For the first part, sounds like you did the right thing. If you have a value in your table where x is at or near 0, you can always evaluate your model at x=0 to make sure your model is reasonable. For the other two parts, the process is similar. Just keep in mind the generic forms of quadratic and exponential models and what the constants represent and you'll reason it out in no time.

For the quadratic, in general these models look like y=a(x-h)^2 +k. First things first, the vertex of such a graph is at the point (h,-k). So, plot your table of values using a graphing calculator and look for a good place to for the vertex. You've already got 2/3 of your necessary variables accounted for. Now you can trial-and-error to find your a-value, or use a point from the table to solve for your a-value (keep in mind that a positive a-value will make the parabola open up, a negative a-value will make it open down). Don't forget to graph your model and check that it is a reasonable representation of your data! Also, unless the table of values is very close to a parabola to begin with, the model will only be reasonable for a certain range of x-values, but this is okay as long as the vast majority of your data points are reasonably accounted for.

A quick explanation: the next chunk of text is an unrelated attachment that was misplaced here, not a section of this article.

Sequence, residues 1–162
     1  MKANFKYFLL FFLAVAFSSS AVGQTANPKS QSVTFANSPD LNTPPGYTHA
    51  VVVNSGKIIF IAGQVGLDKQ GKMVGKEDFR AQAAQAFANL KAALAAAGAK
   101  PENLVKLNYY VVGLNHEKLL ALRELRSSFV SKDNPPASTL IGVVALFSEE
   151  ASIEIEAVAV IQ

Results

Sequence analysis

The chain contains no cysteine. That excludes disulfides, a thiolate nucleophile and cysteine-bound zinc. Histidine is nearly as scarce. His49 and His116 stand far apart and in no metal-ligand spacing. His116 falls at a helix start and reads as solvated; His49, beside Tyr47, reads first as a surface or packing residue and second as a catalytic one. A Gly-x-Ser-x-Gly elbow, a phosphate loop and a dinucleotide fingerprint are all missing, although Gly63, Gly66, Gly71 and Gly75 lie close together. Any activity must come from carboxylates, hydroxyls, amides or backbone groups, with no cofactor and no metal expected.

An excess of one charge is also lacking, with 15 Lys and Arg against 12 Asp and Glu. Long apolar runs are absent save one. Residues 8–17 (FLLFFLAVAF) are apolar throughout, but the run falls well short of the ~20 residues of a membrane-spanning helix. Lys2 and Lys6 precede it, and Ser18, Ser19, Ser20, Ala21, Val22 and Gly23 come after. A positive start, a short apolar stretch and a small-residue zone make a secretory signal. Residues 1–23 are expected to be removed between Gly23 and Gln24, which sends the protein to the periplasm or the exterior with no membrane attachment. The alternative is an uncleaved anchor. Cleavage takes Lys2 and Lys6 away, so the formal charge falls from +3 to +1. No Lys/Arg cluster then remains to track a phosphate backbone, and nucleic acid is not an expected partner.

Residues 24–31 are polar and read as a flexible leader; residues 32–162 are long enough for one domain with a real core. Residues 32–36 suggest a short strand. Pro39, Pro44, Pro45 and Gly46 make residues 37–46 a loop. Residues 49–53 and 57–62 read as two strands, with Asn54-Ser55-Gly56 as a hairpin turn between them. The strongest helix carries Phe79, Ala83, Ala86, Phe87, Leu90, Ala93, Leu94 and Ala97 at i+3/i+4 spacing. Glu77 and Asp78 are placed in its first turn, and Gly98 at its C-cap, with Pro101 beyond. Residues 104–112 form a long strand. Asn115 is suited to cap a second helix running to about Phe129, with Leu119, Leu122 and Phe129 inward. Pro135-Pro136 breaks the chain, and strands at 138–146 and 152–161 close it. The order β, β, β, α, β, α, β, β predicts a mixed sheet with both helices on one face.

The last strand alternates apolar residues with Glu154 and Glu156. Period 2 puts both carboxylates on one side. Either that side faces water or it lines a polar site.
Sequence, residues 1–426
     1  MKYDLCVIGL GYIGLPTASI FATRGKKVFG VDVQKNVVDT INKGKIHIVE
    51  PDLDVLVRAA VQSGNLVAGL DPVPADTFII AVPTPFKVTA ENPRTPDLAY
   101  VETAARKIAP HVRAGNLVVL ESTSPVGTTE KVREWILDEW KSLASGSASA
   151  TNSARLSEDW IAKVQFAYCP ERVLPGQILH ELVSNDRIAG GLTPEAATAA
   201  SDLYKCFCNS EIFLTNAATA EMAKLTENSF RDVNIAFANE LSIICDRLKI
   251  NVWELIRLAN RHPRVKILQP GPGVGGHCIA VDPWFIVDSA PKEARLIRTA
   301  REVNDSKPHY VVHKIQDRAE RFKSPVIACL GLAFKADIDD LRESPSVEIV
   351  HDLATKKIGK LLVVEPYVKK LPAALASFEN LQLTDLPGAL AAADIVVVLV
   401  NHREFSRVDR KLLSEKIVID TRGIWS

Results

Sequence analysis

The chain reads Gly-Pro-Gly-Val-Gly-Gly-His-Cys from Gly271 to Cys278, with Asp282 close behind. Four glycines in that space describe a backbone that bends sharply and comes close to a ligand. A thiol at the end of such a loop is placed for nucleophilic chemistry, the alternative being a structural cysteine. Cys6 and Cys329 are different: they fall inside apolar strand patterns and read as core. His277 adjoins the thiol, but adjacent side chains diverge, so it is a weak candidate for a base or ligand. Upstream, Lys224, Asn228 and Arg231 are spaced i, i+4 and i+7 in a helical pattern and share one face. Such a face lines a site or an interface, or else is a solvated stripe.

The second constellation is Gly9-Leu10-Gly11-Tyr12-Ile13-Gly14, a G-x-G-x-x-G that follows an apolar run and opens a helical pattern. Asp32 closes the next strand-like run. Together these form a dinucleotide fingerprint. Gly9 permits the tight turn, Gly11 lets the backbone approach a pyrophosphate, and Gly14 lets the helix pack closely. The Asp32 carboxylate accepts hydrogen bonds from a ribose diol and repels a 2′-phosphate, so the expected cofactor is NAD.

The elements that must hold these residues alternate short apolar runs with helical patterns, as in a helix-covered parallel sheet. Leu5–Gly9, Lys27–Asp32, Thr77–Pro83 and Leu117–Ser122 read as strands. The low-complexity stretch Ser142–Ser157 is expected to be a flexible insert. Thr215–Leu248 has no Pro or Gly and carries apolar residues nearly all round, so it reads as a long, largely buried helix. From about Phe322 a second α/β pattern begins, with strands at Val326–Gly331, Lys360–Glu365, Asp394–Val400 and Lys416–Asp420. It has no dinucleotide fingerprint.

For the exponential, use the generic form y=a*e^(bx). If you have an x-value in your table at or near 0, whatever the corresponding y-value is will be your a-value. Smaller "b" (between 0 and 1) will essentially horizontally stretch your graph, bigger "b" will make it increase faster (with respect to x). Again, guess-and-check, or pick a point and solve for b-value.

Yay math!